Dorćol Distilling Introduces Rakia to Central Texas

Serbian inspired apricot brandy defies expectations


Photo by John Anderson

Repeat after me: "RAH-key-yah." Good! Now again – this time roll the R. For most of us, the traditional Eastern European fruit brandy requires an introduction and some education: a brief lesson in geography, a reminder of what exactly brandy is, or at the very least, the myriad ways to enjoy it. Fortunately two UT-Austin alums, operating a distillery 80 miles down I-35, are eager to enlighten us.

Dorćol Distilling Co. is Chris Mobley, a Lubbock native, and his college buddy, Serbian-born Boyan Kalusevic, whose family has been making rakia in their home country for generations. Kalusevic's 95-year-old grandfather, the family's O.G. winemaker and distiller, married a Croatian woman out of the war, and her family owned land on the Adriatic coast, upon which vineyards were developed in the Fifties. "If you were from the Croatian coast side, you did a lot of grapes," explains Kalusevic. "From inner Serbia, the countryside, you did a lot of plums and apricots. If you could find sugar in it, you made alcohol out of it."

Kinsman Rakia is Dorćol's inaugural product, a brandy made of nothing but apricots imported from a family friend's orchard just outside of Belgrade, which get fermented (aka turned into wine), and then double-distilled for a clean yet complex spirit that former Dorćol bartender Nick Kenna refers to as "vodka's much better looking sister." The entrepreneurs enlisted Kenna to create a craft cocktail menu that would help illustrate how approachable rakia can be. "That's something you've gotta show folks too, because they think it's going to be this sweet liqueur," says Mobley. "But it's turned into vapor twice!" he laughs. "It's not like flavored vodka," adds Kalusevic, trying hard not to roll his eyes.

Rakia is also nothing like cognac or pisco (both grape brandies – from France and South America, respectively) or Laird's Applejack, made here in the States. Just like whiskeys, brandies take many forms, each with their own nuances. The versatile liquor shines on its own (in the Balkans, it is traditionally sipped neat), but it is equally happy in a cocktail, both starring or simply performing a supporting role. "I originally feared that it'd be hard to keep the audience captivated with one spirit on the shelf," says Kenna, "but we've had great success with it."

Bartenders at celebrated Austin craft cocktail bars like Backbeat, VOX Table, and the Townsend are incorporating the clear liquor in stand-out recipes. Most will agree that it plays nicely with a variety of ingredients, but especially with citrus, spicy, and herbaceous notes. Above the distillery's modest 11-foot bar hangs a menu tempting patrons with their twists on classic cocktails, subbing the gins, bourbons, and rums for the award-winning fruit distillate. One batch of Kinsman Rakia did a stint in a smoker with apricot wood chips so they could play around with the smokiness you'd typically get from a mezcal or Scotch.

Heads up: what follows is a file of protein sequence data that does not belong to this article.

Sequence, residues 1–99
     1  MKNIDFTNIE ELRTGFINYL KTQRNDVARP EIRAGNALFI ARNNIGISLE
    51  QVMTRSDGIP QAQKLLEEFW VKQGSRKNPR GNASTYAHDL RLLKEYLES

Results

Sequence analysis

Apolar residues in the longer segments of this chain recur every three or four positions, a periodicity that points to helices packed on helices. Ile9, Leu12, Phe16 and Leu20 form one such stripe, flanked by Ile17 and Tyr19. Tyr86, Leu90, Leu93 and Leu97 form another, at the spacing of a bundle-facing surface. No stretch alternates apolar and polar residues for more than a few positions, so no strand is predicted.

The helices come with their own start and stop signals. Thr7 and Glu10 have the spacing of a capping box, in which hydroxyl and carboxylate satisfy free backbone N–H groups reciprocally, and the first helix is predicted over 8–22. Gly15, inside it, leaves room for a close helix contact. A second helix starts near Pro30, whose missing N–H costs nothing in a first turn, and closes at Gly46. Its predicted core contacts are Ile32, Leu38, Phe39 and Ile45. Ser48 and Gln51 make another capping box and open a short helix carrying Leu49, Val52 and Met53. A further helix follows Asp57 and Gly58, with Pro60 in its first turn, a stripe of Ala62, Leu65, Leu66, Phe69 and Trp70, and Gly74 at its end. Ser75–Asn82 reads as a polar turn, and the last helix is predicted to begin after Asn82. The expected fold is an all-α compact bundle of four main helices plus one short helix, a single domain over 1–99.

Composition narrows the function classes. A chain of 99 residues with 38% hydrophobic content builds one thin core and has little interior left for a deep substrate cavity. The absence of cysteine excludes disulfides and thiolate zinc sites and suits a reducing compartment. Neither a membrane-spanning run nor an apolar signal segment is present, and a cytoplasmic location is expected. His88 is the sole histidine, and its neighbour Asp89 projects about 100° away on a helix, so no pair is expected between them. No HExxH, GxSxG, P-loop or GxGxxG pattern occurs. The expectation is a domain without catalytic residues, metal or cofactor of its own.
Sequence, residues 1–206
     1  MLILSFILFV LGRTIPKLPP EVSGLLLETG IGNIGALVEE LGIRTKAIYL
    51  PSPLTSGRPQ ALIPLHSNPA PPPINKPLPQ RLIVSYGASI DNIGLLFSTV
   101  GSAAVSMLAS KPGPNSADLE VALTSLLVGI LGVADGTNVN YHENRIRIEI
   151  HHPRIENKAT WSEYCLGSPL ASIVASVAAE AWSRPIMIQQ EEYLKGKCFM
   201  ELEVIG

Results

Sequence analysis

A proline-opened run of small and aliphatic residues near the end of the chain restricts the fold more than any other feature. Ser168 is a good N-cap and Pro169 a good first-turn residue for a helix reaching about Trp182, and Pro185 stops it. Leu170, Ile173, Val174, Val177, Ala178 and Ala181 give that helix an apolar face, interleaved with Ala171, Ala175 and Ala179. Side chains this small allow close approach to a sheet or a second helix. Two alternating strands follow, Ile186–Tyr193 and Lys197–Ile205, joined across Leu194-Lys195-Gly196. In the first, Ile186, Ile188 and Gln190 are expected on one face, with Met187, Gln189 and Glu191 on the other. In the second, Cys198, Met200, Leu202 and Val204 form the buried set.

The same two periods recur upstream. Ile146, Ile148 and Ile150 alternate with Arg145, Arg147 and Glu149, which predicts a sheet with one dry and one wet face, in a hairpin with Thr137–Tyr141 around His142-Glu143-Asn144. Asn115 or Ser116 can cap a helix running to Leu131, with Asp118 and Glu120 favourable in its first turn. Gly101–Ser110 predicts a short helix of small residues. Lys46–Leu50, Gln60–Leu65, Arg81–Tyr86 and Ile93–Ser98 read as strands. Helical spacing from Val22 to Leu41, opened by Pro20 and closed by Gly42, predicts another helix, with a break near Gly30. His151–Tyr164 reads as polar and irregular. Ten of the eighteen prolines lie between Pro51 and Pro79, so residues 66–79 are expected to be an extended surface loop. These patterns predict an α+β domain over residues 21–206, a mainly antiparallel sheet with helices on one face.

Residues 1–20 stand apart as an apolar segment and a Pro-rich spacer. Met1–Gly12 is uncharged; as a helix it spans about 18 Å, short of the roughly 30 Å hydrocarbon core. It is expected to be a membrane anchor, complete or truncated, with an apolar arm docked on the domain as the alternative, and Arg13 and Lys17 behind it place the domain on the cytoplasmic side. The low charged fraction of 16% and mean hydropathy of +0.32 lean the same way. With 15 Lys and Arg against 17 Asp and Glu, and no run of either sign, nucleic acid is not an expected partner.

But the Texas Exes aren't the only ones experimenting with their product. The distillers were surprised to learn that their apricot brandy was flying off the shelves – of one neighborhood liquor store in particular – into the hands of Katherine Clapner of Dude, Sweet Chocolate who was using it in her wildly popular truffles. And a chance Instagram sighting revealed Kinsman to be a key ingredient in the San Antonio Marriott's crème brûlée. "There's this drinking renaissance that's happening," enthuses Kalusevic, as we discuss the cross section of cocktails and cooking. Mobley pours me a taste of the house-made strawberry-serrano cordial (for the effervescent Day & Night cocktail), and I try to think of when I last sipped any kind of brandy. The wave of brandy milk punches appearing on brunch menus crested circa 2011, if my memory serves me, and Busta Rhymes requested we "pass the Courvoisier" nearly 15 years ago. It's clear we're overdue for a sip.


Dorćol (pronounced “DOOR-chol”) is the Belgrade neighborhood in which Kalusevic was born, and the historic Roman trading-post town’s name is the Turkish word for “four corners.” Dorćol Distilling Company’s Kinsman Rakia Apricot Brandy can be found at the Austin Wine Merchant, most Twin Liquors and Spec’s outlets, and at several cocktail bars citywide.

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KEYWORDS FOR THIS STORY

Dorcol Distilling Co., Chris Mobley, Boyan Kalusevic, Backbeat, VOX Table, The Townsend

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